Content of acetone-soluble extractives in spruce clones was lower (Table 1) than shown previously. According to Fengel and Wegener [33] Norway spruce contained 2.2% of extractives. This difference could be attributed to the younger age of spruce clones of this study. Correlation was not determined between content of extractives and resistance against fungal attack. Duenisch et al. [9] studied the role of extractives of black locust against fungal degradation and found that juvenile wood after degradation by Coniophora puteana and Trametes versicolor revealed the mean weight loss of 10.1% and 17%, respectively, that conformed to EN 350 [21] durability class 2 - 4 (resistant to slightly resistant). The authors concluded that the juvenile wood of black locust had a lower natural durability than the mature wood (durability class 1, highly resistant) due to lower content of extractives in the juvenile wood. However, the content of acetone-soluble extractives in the juvenile wood of black locust varied between 3.9% and 6.1% that was distinctly higher amount than determined in spruce clones of the present study.

Phenolic extractives in ray parenchyma and epithelial cells of a resin canal showed significantly higher UVabsorbance (abs280 nm 0.68 to 0.78) as compared to the cell wall associated lignin (Figure 5). UMSP method was also used by Koch et al. [44] to detect phenolic extractives in wooden tissues. It is known (e.g. [16]) that the phenolic compounds are generally synthesised by parenchyma cell in situ. The major types of phenolic extractives found in spruce are lignans, resin acids, sterols and their esters [45]. In our study, an exact identification of the compounds was not possible by using cellular UV microspectrophotometry.

No significant difference (p > 0.05) was determined between individual fungal species and weight loss of spruce clones (Table 2). In general, all spruce clones were extensively degraded by brown rot fungi showing low natural durability (class 4 to 5, EN 350-2 [21]).

We found that 31-years-old spruce clones mainly contained sapwood that possessed lower density and content of extractives than mature wood. We did not observe pronounced difference between sapwood and heartwood in spruce stems coloured with Bromcresolgreen solution. For example, study [46] of fungicidal activities of Malaysian teak (Tectona grandis) wood extractives showed that acetone-water extract of heartwood was toxic against fungi while acetone-water extractives of sapwood were only fungistatic indicating that toxic compounds accumulated in heartwood during the transformation of sapwood into heartwood.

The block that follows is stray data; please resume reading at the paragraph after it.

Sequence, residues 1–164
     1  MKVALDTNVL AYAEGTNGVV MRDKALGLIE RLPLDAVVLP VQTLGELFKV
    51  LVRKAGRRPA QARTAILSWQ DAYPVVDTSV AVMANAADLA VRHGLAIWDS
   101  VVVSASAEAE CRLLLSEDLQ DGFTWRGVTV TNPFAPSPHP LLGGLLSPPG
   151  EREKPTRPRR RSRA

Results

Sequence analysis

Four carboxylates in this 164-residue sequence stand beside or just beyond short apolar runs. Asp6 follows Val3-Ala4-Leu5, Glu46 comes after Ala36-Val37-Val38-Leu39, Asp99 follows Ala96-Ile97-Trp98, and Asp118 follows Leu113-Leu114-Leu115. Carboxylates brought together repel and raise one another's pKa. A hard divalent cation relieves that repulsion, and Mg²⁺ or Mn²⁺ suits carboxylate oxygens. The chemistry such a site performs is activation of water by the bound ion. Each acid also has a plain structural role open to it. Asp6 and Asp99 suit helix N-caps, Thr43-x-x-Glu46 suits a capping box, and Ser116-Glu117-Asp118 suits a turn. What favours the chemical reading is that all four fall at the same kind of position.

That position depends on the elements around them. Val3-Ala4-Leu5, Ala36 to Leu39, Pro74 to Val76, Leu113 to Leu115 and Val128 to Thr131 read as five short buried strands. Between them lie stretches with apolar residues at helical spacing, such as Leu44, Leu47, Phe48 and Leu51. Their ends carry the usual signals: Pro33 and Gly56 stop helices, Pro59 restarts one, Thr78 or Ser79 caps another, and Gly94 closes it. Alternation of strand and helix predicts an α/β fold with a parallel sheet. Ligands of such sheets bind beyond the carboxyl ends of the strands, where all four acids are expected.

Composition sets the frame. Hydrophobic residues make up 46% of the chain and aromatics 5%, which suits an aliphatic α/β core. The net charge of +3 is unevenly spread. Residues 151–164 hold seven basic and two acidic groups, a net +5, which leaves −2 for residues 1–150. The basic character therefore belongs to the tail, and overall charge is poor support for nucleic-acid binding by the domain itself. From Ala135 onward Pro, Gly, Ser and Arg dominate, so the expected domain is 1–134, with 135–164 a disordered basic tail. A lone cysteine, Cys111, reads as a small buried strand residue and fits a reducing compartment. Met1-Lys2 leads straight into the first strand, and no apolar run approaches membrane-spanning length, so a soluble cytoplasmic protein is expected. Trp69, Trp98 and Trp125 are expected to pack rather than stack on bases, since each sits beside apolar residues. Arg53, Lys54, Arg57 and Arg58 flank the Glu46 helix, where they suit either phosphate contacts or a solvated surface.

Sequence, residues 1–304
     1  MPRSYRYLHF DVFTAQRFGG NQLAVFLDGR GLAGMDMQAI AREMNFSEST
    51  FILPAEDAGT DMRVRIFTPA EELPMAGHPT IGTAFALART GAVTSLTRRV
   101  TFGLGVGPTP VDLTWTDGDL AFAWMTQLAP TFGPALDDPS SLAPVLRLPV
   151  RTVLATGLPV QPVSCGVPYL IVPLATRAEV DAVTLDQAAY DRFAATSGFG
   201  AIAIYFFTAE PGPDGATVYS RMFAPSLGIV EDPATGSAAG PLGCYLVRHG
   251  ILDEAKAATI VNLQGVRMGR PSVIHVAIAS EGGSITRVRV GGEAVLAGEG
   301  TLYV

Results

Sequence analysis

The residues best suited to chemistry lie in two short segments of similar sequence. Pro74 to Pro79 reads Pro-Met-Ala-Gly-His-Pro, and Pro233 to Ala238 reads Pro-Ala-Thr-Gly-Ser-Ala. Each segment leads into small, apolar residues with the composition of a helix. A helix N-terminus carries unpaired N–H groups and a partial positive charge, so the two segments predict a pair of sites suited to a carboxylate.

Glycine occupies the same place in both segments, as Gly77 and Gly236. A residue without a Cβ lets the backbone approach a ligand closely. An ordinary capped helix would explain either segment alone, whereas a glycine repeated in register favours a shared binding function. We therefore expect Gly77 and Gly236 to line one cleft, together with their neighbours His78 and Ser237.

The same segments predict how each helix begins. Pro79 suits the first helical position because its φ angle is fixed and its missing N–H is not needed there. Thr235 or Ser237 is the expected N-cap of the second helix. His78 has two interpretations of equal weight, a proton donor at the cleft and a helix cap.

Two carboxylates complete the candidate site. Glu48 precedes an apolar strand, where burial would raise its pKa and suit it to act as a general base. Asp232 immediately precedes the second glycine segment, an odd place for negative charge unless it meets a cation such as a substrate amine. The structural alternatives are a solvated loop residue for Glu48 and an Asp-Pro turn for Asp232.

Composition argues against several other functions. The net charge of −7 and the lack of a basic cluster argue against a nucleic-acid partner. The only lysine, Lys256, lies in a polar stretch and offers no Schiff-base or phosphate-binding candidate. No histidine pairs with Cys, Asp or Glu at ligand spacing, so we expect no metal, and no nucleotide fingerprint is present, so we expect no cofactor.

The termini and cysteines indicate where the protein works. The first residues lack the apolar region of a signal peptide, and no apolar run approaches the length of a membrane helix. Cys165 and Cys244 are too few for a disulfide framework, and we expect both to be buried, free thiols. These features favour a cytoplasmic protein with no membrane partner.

Another aspect of natural durability is the performance of decay resistance in standardized laboratory and field tests and in real outdoor wooden structures. The ability of wood to absorb moisture has an important effect upon its service life in above ground contact. Service life in these conditions depends on both durability class and treatability class. EN 350-2 [21] indicates that wood of a given durability with low moisture absorbance (treatability) will last markedly longer in above ground conditions, than a wood of the same durability, but with higher water absorbance. Kutnik et al. [47] observed that both the sapwood and heartwood of Douglas fir (durability class 3, moderately resistant) performed better in real outdoor conditions than predicted by standardized tests and demonstrated that knowledge of how a wooden product should be manufactured and assembled is the key challenge to optimizing its service life.

We assume that use of spruce clones in outdoor applications could be limited because of its low decay resistance. Appropriate wood preservation methods should be chosen to prolong its outdoor performance. According to EN 350-2 [21], spruce conforms to the treatability class 3 - 4 (difficult to treat). Consequently, impregnation of spruce wood is problematic because of the reduced permeability, which is affected by the moisture content, drying process and various physical and chemical properties [48]. The aspiration of bordered pits, their size and amount of latewood are the major factors, which influence the permeability of spruce wood [49]. Accordingly, an alternative protection of spruce timber could imply wood hydrothermal modification (HTM) [50]. Further study will be carried out to test HTM spruce regarding its fungal resistance as well as changes in physical and chemical properties after hydrothermal modification in order to find the most appropriate treatment regime.


The Norway spruces clones in general displayed low durability against brown rot fungi.

Natural durability of spruce clones did not correlate with stem diameter, density, content of lignin and extractives.

Spruce clones were of juvenile age and, consequently, contained more sapwood with lower density and content of extractives.

It is suggested to use the spruce wood for interior structures. To improve the resistance of spruce wood against biodegradation and to extend its service life in outdoor conditions, additional protection measures, for instance, hydrothermal modification should be applied.


The present study was funded by the ESF project “Importance of Genetic Factors in Formation of Forest Stands with High Adaptability and Qualitative Wood Properties” (No. 2009/0200/1DP/ VIAA/146). We acknowledge Prof. A. Treimanis (LS IWC, Latvia) for careful reading of the manuscript and valuable comments. We greatly thank M. Skute and L. Vikele (LS IWC, Latvia) for performing the chemical analyses. The technical assistance of Mrs. T. Potsch (vTI, Hamburg) in preparing the microscopic sections for UMSP is gratefully acknowledged. Publication fee for this article is provided by European Regional Development Fund project No. 2DP/ 021.